Ecological Spirituality in the Quaker Intentional Village in Canaan
Haverford College. Department of Religion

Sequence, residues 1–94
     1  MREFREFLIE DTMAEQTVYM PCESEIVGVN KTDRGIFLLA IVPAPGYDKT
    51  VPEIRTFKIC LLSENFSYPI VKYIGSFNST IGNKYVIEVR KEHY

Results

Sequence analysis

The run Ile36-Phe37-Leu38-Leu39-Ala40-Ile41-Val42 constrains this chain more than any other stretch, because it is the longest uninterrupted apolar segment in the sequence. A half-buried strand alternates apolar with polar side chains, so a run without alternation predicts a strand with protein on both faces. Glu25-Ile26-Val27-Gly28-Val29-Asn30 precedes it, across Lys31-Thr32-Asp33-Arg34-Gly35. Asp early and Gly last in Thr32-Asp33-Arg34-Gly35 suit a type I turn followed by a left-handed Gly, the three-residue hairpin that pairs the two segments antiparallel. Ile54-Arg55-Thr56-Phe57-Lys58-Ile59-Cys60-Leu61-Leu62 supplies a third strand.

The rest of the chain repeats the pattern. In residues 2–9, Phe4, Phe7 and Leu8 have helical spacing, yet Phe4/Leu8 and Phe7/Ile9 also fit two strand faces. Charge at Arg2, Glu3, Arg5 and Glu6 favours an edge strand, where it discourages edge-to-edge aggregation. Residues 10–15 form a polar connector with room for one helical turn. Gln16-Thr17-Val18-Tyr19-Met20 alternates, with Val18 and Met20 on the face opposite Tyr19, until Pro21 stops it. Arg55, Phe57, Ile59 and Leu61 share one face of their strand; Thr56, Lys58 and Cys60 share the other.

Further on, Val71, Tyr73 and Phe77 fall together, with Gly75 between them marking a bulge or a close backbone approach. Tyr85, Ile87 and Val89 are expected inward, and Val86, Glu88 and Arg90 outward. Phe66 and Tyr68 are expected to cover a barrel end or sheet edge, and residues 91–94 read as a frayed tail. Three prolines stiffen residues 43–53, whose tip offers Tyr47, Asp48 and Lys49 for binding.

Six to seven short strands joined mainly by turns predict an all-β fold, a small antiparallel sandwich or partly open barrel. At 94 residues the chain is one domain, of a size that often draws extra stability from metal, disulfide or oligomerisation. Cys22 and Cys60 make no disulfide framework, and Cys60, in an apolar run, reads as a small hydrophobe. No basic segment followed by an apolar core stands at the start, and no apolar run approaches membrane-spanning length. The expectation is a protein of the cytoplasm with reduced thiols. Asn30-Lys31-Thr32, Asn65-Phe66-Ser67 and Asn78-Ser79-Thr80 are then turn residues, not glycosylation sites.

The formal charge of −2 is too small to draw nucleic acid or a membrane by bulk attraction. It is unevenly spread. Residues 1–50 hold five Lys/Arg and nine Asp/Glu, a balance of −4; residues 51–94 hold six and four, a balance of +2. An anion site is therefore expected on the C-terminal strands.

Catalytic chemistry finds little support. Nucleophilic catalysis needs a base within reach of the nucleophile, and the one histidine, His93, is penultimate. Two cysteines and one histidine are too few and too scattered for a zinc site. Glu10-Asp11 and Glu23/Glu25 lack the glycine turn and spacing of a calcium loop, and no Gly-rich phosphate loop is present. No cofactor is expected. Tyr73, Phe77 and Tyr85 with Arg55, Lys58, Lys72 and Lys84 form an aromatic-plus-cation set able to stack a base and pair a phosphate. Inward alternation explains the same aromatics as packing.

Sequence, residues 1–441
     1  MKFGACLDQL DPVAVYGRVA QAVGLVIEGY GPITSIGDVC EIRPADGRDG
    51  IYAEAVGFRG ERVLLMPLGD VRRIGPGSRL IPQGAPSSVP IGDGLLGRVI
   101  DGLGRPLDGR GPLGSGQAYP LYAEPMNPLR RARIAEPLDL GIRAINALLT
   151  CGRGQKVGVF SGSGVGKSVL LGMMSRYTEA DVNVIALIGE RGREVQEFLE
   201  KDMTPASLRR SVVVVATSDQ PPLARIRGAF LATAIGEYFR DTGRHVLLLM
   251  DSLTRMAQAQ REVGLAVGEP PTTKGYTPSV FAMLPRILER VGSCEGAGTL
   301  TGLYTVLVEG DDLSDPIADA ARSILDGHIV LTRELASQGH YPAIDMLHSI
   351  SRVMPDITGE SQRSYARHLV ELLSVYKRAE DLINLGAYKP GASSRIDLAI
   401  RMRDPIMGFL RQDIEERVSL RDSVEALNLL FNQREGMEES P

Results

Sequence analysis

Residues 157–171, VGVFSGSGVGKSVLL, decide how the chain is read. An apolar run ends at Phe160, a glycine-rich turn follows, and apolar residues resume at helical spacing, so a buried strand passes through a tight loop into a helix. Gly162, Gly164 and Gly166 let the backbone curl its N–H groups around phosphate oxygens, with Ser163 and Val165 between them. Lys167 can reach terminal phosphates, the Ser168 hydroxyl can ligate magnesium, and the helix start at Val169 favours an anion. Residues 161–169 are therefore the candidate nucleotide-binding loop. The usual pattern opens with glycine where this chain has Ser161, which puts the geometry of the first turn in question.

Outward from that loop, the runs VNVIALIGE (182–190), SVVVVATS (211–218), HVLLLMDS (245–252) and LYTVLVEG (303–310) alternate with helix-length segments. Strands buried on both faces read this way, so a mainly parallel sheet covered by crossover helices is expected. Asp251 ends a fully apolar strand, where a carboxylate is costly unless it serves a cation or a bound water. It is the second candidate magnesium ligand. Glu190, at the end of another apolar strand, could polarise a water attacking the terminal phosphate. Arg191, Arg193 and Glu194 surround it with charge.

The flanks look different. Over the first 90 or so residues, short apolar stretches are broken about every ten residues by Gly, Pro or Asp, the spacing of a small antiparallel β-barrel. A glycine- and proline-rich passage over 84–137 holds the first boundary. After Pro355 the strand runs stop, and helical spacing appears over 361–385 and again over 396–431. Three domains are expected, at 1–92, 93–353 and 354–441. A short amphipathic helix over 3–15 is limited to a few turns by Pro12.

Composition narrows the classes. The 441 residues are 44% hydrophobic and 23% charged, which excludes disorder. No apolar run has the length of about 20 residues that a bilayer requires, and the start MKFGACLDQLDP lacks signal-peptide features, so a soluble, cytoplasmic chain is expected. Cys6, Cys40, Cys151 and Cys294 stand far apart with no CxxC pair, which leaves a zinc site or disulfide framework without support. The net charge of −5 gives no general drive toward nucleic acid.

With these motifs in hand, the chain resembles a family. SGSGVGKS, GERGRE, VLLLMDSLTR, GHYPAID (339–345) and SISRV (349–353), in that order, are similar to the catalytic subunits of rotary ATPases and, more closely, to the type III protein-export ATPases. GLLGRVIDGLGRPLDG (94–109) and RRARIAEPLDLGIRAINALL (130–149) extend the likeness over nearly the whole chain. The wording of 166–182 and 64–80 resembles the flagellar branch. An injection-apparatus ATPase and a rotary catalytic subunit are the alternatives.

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In this paper, I place the QIV-C within ecological spirituality, a movement that is grounded in a faith in organic interdependence and wholeness, an ethic of care, and an inclusive sense of community. Underlying these components is a creed of embodiment, a belief in the sacredness, innate worth, and interconnectedness of all the bodies of the earth. This embodiment theology calls for an attitude of care and respect towards both human and nonhuman bodies. The QIV-C enacts this creed in its physical interaction, or embodied participation, with its surrounding environment. Acts of embodied participation, like building their own homes and growing their own food, are practice or ritual in changing their worldviews as related to the earth. These acts are also a practice in physically reconnecting with the wider, organic community of the earth. Essentially, embodied participation is ritualized action in earth-healing. My goal in this paper is to define ecological spirituality, and then place the QIV-C within the movement, despite the members’ unfamiliarity with it. I define ecological spirituality as a movement comprised of a deep sense of unity, an inclusive notion of community, and a theology of embodiment. These components of ecological spirituality are manifested in the QIV-C through their aesthetic choices, their sense of community, and their "do-it-yourself," hands-on approach in sustaining themselves. This research serves as a case study that demonstrates what ecological spirituality looks like enacted. The aims of this research are to demonstrate the ways in which religion and spirituality play a role in the ecological crisis, and to encourage more interdisciplinary collaboration in regards to the ecological crisis we now face.